Bewitched – Kate Garrett

Bewitched is a Kindle single, published by the writing collective Pankhearst and is Sheffield Hallam Creative Writing (about to be) graduate Garrett’s first full length publication, although she’s had a number of poems and pieces of flash fiction in a variety of publications. You can read more about those and about Garrett on her website.

Bewitched is the tale of four people in their early twenties – three women and one man – who form a love square or maybe two intersecting love triangles. It’s told in a mixture of prose poems and flash fiction from a number of points of view.

We begin with a third person poem which tells us about Maddie, who always carries a copy of Moll Flanders, and her boyfriend, Dalton, ‘Heathcliff with a quiff’, moving out of London to somewhere further south which is ‘green and blue’. This brings them closer to two other people – Seren, Dalton’s ex-girlfriend, and Niamh, a woman who Maddie is about to meet.

It’s just the one room, stacked above a nightclub with other rooms; we’re matchsticks in our rectangular boxes. The view from the single small window is more windows, their curtains drawn, and the line of blue sky.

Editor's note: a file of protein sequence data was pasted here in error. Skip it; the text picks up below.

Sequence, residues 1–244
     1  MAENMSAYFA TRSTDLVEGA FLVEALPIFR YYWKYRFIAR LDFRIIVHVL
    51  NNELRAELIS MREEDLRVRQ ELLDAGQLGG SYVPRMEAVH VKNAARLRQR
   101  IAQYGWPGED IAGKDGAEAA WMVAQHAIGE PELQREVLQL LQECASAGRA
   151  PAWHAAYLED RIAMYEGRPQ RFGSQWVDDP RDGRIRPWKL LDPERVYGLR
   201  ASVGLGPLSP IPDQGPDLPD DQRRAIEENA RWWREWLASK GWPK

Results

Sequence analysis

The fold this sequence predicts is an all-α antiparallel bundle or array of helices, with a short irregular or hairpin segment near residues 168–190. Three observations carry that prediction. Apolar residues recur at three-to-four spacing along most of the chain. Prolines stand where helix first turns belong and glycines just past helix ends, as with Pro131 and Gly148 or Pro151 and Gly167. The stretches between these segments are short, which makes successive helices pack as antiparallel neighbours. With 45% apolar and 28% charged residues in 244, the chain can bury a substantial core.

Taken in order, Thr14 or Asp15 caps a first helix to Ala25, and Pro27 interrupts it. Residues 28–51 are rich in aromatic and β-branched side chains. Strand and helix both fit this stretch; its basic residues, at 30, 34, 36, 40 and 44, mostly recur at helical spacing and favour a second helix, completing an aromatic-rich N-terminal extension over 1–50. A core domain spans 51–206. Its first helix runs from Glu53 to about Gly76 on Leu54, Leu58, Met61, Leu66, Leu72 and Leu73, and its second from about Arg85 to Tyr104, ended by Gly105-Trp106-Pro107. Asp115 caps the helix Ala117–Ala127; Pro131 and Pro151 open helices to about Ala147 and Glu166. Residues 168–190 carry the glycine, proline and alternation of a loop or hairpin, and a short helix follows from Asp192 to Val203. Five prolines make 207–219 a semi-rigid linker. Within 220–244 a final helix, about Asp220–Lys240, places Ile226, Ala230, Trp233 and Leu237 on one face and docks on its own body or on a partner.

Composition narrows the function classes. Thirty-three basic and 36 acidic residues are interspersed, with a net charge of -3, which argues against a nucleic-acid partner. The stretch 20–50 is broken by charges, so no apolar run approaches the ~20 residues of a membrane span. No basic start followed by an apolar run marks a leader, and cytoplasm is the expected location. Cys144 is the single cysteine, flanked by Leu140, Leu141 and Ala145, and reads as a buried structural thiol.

It isn’t long though before Maddie and Dalton begin to drift towards other people, although it’s clear their relationship’s far from over:

He think’s I’m done, given up.
I feel it in my gut, but no one
can put their heart down, leave

it for dead while it still beats
inside their chest.

The rest of the piece takes us through their transition, the voice moving between the three women, occasionally in third person, but mostly in first person, allowing us to see circumstances from every angle but Dalton’s. Dalton, who begins as the pivot on which these lives turn, is only allowed to be commented upon or occasionally have his speech reported by one of the women. As Maddie says, ‘He isn’t/the only sound that needs to be heard’.

I loved Bewitched. I’ve read it several times now and it stands up to repeated readings. It’s a pretty perfect rendition of what it feels like to be in that early-twenties transitional phase when you don’t know where you belong and how to find the place that will allow you to fit.


Thanks to Pankhearst for the review copy.

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